The NSA was told in the mid-1990s that it could not have the Clipper Chip, the backdoor it wanted into our digital lives . Silicon Valley and Bill Gates objected. By 1996 the Clipper Chip was defunct. So the NSA decided to begin breaking-and-entering on its own. Without our approval.

Greenwald/Snowden gave the public some time to prepare today’s disclosure. First, give it a series of primers on the extent to which the NSA is spying on the American public (not to mention allies). Then unload this zinger.

I want more details. What exactly is compromised? Is everything I do using SSL on my Mozilla Firefox browser compromised?

Boing Boing tweeted KEEP CALM AND USE OPEN SOURCE CRYPTO. Excellent advice. Time to revise my anti-surveillance toolkit.

Two small encrypted email services down. Hire the lawyers.

The Snowden backlash is only just beginning. And so is the resistence. Expect U.S. tech companies that have given the National Security Agency direct access to your data to suffer commercially.  How badly, hard to say. Depends on how deep the public outrage. Three of  Germany’s biggest Internet services, one of them Deutsche Telekom, announced they’ll encrypt customers’ emails.  Unfortunately, their encryption appears to be a bad joke. Here’s Chaos Computer Club release (German).

Phil Zimmermann

The U.S. government forced the hand of a small Texas-based email service,  It seems clear that Lavabit’s owner, Ladar Levison, shut down rather than agree to grant the government access to the data of customers. Snowden is reported to have been among his users. Levison has set up a legal defense fund and is accepting contributions. He likely received a National Security Letter, a search warrant or a subpoena with a gag order attached. He can’t say but he says he’s preparing an appeal to the 4th Circut.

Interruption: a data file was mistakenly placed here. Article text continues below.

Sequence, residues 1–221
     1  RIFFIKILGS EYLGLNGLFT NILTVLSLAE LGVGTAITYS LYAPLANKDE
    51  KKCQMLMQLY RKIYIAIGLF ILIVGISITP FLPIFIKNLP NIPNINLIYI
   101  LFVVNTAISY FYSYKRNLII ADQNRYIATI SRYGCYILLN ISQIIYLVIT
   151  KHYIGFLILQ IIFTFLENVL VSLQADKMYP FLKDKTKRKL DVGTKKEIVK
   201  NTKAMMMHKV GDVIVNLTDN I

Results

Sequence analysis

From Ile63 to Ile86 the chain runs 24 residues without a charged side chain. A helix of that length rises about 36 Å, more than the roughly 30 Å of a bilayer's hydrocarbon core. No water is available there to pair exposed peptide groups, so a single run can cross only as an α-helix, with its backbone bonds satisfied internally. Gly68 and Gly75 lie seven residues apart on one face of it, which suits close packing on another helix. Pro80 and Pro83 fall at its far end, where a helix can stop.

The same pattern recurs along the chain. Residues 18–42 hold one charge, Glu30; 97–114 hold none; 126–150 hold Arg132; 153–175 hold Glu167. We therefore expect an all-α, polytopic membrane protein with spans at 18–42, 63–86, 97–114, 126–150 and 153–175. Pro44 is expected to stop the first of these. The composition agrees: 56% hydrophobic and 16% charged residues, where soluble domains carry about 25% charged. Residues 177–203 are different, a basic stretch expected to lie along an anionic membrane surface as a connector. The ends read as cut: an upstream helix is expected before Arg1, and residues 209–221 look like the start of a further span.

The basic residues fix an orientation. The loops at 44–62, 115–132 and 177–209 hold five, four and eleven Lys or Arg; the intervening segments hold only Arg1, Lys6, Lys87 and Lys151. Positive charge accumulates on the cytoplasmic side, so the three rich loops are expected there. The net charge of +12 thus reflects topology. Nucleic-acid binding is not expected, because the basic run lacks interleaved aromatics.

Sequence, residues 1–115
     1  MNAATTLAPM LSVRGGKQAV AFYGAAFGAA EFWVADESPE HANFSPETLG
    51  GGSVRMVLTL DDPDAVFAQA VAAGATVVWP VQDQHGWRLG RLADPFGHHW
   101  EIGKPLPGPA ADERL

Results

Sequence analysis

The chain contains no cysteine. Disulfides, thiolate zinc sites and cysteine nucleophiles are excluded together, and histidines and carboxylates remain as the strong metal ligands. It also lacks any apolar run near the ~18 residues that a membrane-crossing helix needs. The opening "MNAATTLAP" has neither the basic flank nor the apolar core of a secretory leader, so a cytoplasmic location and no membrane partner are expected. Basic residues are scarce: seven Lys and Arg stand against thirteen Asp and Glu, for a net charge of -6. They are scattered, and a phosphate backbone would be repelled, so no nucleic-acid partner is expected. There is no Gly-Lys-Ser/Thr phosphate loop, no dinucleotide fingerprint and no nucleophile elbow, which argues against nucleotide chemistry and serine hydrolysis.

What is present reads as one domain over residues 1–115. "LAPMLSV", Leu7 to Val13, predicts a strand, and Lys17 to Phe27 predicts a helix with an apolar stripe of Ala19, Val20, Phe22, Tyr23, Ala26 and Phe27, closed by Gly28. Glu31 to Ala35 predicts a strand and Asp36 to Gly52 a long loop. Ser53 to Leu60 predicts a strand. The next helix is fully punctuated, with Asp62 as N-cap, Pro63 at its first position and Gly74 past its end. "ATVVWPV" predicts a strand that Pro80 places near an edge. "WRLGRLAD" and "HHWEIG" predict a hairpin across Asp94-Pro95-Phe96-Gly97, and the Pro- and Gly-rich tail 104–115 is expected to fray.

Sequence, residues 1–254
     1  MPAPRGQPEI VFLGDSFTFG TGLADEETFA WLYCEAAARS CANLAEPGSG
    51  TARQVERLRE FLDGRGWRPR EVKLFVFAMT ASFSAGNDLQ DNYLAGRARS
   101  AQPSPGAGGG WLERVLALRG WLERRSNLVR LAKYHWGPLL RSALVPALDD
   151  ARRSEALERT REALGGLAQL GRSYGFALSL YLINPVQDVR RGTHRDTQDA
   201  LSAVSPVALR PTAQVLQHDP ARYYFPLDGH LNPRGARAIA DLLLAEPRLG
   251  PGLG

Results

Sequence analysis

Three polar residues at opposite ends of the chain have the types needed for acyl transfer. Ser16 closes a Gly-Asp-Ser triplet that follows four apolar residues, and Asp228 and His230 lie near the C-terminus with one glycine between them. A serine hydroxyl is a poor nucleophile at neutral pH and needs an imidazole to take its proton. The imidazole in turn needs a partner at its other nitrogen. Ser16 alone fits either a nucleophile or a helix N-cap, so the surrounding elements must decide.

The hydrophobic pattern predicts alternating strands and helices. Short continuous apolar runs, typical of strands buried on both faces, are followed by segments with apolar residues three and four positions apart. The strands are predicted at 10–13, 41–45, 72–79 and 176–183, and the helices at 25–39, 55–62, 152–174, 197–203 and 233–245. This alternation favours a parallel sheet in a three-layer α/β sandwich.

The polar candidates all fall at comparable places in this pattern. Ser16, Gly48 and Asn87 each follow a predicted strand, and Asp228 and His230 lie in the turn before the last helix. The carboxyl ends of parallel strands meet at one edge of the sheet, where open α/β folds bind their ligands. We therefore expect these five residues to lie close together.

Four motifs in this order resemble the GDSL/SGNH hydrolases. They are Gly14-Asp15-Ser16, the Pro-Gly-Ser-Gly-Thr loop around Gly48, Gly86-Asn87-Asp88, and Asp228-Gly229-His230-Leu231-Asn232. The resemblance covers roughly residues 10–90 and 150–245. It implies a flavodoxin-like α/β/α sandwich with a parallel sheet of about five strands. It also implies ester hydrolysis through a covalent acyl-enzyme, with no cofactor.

“This experience has taught me one very important lesson: without Congressional action or a strong judicial precedent, I would strongly recommend against anyone trusting their private data to a company with physical ties to the United States,” The New York Times quoted Levison as saying.  I can’t find an image of him online.

The other U.S. email service that preemptively shut down belonged to Silent Circle, a company co-founded by Phil Zimmerman, creator of Pretty Good Privacy encrypted email. It says it wiped the discs containing all that email. The encryption keys were on the servers. Not so with the keys that Silent Circle uses for its text-messaging, video and voice comms services. They are end-to-end secure. The encryption keys are erased when the communcation ends.

Now, which big U.S. tech companies will join the legal challenge in defense of First and Fourth Amendment rights?

Yahoo is the only one known to have challenged a gag order of the type Levison apparently got.

The Internet Archive’s Brewster Kahle, an Internet giant committed to nothing less than providing “universal access to all knowledge,” successfully fought a gag order and is one of the few people who can openly discuss what it’s like to get a National Security Letter.  Read here the New Yorker’s interview with him about it.
Meanwhile, more and more people are posting PGP public keys to servers.